Jennifer Hagle is a transactional bankruptcy lawyer at Sidley Austin LLP. In 2014, Jennifer was the recipient of the Chambers USA Women in Law Award, Mentoring: Private Practice Lawyer of the Year. Since then, Jennifer has continued to play an active role in Sidley ‘s Committee on Retention and Promotion of Women and is involved in numerous pro bono programs.
27 years at Sidley
Jennifer has been with Sidley for 27 years. She first joined the firm as a summer associate in 1986. Her unique perspective has helped shape her gender diversity work at the firm: “I’ve seen how much the firm has changed over the years. Important progress for the advancement of women has been made with innovative and creative mentoring and sponsoring programs.” As a member of the firm’s Executive Committee, Jennifer and her team are focusing on developing potential female leaders and offering top-class training.
Starting at the top in terms of training and embracing a culture of change has helped to nurture a supportive and inclusive culture at the firm:
“My firm supported my three maternity leaves. I worked reduced hours for 5 years. I was promoted to the Executive Committee when I came back to work full time after working the reduced hour schedule. The firm continued to support me when I was juggling my career with small kids. In terms of our flex-hours program and remote working, it’s another area we have focused on. Providing flexibility is so important to retaining women lawyers because at the end of the day, it’s just good business to have senior women working in firms.”
Committee on Retention and Promotion of Women
Sidley’s Committee on Retention and Promotion of Women provides a strong embedded structure for its female lawyers in terms of talent development, leadership and retention. As with all robust gender diversity programmes, the committee continues to measure its progress on a regular basis:
“As a result, the Committee sat down and re-evaluated our goals and programmes based on various measurements. Based on that evaluation, we established an Executive Committee task force that examined various aspects of our retention and promotion of women, including why there are relatively so few women laterals on the market. Accordingly, we have started targeting women laterals and also re-evaluated how we recruit women, insuring that our women meet other people (including women lawyers) in the firm at all levels.”
One of the most difficult obstacles to overcome in terms of creating a long lasting culture of inclusion and diversity, is overcoming the innate implicit bias we all carry within us. Recently, Harvard University published a range of implicit bias tests online which cover everything from race to religion to gender: https://implicit.harvard.edu/implicit/selectatest.html. Implicit biases are an area in which Jennifer and her team are heavily focusing on:
“Recently, members of the task force met with every group head in our US offices to discuss best practices and improvement in terms of unconscious biases. We know it exists and we are focusing on trying to resolve it. We’ve had incredible support from our managing partners and generationally, this is not surprising because we have top leaders in the firm whose daughters are now in their 20s and in the business world so it’s not a hard sell at all. It’s not just lip service. The firm really is devoting significant expenses, resources and time to addressing the issue of unconscious bias. However, we recognize that if we hold group heads accountable for talent management , then we must train them.”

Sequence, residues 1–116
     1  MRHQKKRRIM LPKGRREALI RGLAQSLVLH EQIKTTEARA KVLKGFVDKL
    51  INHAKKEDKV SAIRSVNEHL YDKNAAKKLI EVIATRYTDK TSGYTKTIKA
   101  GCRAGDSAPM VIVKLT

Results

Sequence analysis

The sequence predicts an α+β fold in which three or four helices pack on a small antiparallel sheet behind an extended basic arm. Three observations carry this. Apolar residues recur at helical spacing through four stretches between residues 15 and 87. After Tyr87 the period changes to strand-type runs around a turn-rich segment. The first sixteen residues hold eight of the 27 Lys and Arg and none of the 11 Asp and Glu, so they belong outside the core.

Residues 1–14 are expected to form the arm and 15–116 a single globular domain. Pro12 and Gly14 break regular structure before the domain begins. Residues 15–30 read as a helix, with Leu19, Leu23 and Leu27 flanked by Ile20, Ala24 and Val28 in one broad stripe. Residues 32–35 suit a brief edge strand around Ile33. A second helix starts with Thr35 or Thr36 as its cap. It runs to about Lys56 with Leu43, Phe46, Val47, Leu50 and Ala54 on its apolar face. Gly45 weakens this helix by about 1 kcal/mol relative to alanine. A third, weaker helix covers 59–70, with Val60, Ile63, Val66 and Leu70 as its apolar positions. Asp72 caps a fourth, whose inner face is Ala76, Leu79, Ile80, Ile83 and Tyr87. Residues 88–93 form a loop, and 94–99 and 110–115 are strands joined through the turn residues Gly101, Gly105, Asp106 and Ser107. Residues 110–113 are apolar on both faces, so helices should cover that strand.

Besides the internal gender diversity programme at the firm, Jennifer has spear-headed a new campaign supporting female returners to work called OnRamp. Set up by talent management professional, Caren Ulrich Stacy, the OnRamp Fellowship is a re-entry platform that matches experienced women lawyers returning to the profession for a one-year, paid training contract. This experiential learning program gives returning women lawyers the opportunity to demonstrate their value in the marketplace whilst also broadening their experience, skills, and legal contacts.
“Whether you a senior, junior or mid-level lawyer there is an inevitable clash of priorities when you are building your career in your 30s. It’s not necessarily just children but many other demands on your time in terms of charitable and political interests or carer roles. There can be many competing demands.”
Such programs for women lawyers are still, unfortunately, an urgent necessity in the legal profession: “When I came out of law school, we all thought that gender diversity would work through the system and that women would eventually become 50% of partners and leadership. Unfortunately, those numbers have roughly remained flat,” Jennifer says. Jennifer is resolute in offering women the opportunity for success so that when there is a fork in the career path, this will be factored into future career decisions.
Ultimately, Jennifer believes that life experiences are hugely important in becoming a great lawyer:
“These returners to work are women gaining life experiences, judgement and maturity when they have time out to focus on other areas of their lives. With OnRamp, we are standing at the other end of the shore when people are ready to come back: women who worked for family business, had personal trials or taken time off for raising kids, these women want to come back on track and advance to leadership and it’s exactly the type of women we want to target.”
For more information on OnRamp, please visit: http://onrampfellowship.com/